Life in Gansu’s villages goes from bad to worse

09 February 2010
In the winter of 1988, I boarded a long-distance bus heading north out of the drab, smog enveloped city of Lanzhou, the provincial capital of Gansu. A few hours later, I got off and headed along a dirt road, through the barren hills lining the highway, up into one of the poorest, most desolate regions of China.

The villagers here lived in absolute poverty, battling drought and freezing temperatures, they struggled to cultivate one meager crop a year, which, if they were lucky, brought in about 200 yuan. There was no electricity, and the only modern appliance was the telephone in the village headman’s house. In order to make enough money for their families, the young men went out to work in Gansu’s many small-scale coal and mineral ore mines.

Despite the numerous poverty relief programs that have been implemented in the region over the last two decades, the scene recorded this week by the China Daily when it visited Gulang county, about 200 kilometres north of Lanzhou, was almost identical to that in 1988.

The village is a depressing and unwelcoming sight. Its streets are lined with houses built from loess and have thatched roofs, while the air is thick with the odor of cow dung, which residents burn to heat their homes in winter.

The newspaper visited the home of former miner, Ma Jiangshan, and reported that the family only had one electrical appliance in the house: a 1970s radio, placed on a table covered with a sheet of red cloth.

Life has clearly not got any better for these villagers. In fact, it has got a lot worse. Many of the young men like Ma who went down the mines in the late 1980s are now middle-aged men suffering from the chronic and fatal lung disease pneumoconiosis, caused by decades of drilling and blasting at the rock face with no masks or any other protective clothing. They are unable to work and are crippled by debt from their medical bills.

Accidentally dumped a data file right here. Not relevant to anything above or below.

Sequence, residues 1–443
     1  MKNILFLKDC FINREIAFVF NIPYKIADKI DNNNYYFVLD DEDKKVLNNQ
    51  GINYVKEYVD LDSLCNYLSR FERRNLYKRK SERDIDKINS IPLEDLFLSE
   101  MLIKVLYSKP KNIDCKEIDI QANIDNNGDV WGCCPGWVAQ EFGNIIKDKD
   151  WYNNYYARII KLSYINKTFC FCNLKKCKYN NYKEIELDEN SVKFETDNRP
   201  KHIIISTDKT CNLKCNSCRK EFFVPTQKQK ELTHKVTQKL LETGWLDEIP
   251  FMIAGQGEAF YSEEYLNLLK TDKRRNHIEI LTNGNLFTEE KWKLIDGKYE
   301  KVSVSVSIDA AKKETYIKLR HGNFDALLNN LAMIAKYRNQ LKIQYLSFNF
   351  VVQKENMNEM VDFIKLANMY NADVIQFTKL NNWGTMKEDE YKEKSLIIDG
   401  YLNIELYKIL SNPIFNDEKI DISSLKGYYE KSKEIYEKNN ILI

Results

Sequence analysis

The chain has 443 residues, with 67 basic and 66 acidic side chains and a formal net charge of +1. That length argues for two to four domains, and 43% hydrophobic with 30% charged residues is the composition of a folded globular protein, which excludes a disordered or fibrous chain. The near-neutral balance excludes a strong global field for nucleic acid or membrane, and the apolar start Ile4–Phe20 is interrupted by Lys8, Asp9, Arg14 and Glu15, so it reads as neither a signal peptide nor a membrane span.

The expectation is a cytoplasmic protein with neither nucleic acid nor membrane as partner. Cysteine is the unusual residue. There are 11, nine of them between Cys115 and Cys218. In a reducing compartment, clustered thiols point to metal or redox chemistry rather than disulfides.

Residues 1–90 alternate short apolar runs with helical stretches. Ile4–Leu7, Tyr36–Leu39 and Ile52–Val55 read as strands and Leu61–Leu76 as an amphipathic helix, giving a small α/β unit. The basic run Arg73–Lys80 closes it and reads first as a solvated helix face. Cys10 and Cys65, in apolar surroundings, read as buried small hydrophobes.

Ma Jiangshan was one the first villagers in Gulang county to be diagnosed with pneumoconiosis in 2002, after he first developed a cough back in 1989. So far, 304 miners have been diagnosed and many others are expected to get the same bad news when they visit the occupational disease centre in the city of Wuwei, the China Daily reported. The county authorities are trying to get compensation for the victims but they are hampered by the fact that the vast majority of victims worked in the gold mines of Subei, some 700 kilometres away in northwestern Gansu.

Unsurprisingly, the authorities in Subei, who patently failed to enforce the 1987 Pneumoconiosis Prevention and Control Law, and ensure that workers in its mines were adequately protected, have thus far refused to cooperate with the officials from Gulang county.

The Gulang officials are trying to gather evidence to prove that the villagers contracted the disease while working in Subei but, like nearly all migrant miners, the villagers did not have formal employment contracts with the mine. They only worked part time and returned to their home village every year to help with the harvest. All recruitment was done through a network of informal connections - nothing was ever written down.

It seems that the most the Gulang villagers can hope for is some kind of charitable compensation from the Subei mine owners or local authorities, although this might not even be enough to clear their debts, let alone compensate them for the loss of their family’s main breadwinner.

To date, seven Gulang villagers have already died of pneumoconiosis, including Zhang Yueshang, who worked in Subei for 13 years. He underwent an operation to clean out his lungs in 2005 but the damage was already too great and he died the following year. The hospital bills left his family 70,000 yuan in debt. His 42-year-old widow currently earns less than 2,000 yuan a year working as a cleaner.
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